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As long as we only look at humans the differences are clear: males have chromosomes XY, produce sperm and don't get pregnant. Females have chromosomes XX, produce egg cells and bear babies. But when you consider other species, things are more complicated: in birds, it's females who carry the Y chromosomes. In pipefish and sea horses, it's the males who get pregnant. So maybe the only reliable criterion to tell if an animal is a male or a female is looking at its reproductive cells, and decide if they look like spermatozoa or egg cells. But then there are male and female plants, where none of the methods above applies.

So how do you tell, in general, who's male and who's female in a species? Or is the distinction arbitrary?

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Sexes (male and female) are generally defined in terms of Anisogamy, which means that there are size differences between the gametes (i.e. the reproductive cells that fuse at fertilization). The sex with smaller gametes is defined as male and the sex with larger gametes is defined as female (individuals that can produce both types of gametes are called hermaphrodites). This is the case in both animals and plants (plants have pollen vs. ovules and microsporangia vs. megasporangia), and the definition of sexes is therefore not dependent on chromosomal makeup as such or which sex that carries the young. Actual sex determiniation in a particular species is often based on chromosomal inheritance though, but other systems also exists (e.g. environmental cues or sequential hermaphroditism). Anisogamy also comes in several different types, where animals generally have Oogamy, where males have small mobile spermatozoa and females large stationary egg cells.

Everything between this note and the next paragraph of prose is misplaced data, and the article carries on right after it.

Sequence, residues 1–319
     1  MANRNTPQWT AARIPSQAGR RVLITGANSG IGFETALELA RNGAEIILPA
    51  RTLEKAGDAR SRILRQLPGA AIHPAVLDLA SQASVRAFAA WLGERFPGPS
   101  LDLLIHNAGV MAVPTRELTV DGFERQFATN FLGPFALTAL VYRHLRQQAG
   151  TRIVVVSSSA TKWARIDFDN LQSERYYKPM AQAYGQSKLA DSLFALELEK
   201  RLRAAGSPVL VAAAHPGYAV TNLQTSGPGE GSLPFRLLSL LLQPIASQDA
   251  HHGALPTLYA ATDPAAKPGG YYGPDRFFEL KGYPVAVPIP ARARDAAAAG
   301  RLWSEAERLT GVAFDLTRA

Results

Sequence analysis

More generally, Anisogamy is a special case of mating types in sexually reproducing organisms. In for instance fungi, gametes of different mating types are of the same size (isogamous) and they are therefore only labelled as mating types (e.g +/-) and not different sexes. Functionally, if we are simplifying the issue, male gametes can be viewed only as carriers of genetic information, while female gametes also contain the nutrients necessary for the early development of a newly formed embryo.

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    $\begingroup$ Interesting and a nice read. +1 $\endgroup$ – AliceD Mar 19 '15 at 12:04
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In general, It's pretty much the reproductive cells with plants and animals. The male's unique cells (sperm, pollen) fertilizes the female's unique cells (egg, ovule). The resulting offspring develops and hatches from within the female's egg/ovule. Now whether that egg/ovule stays put, gets ejected, hides in a flower, or transferred to the male (like your seahorses)... that's just rearranging the furniture after it's been designed.

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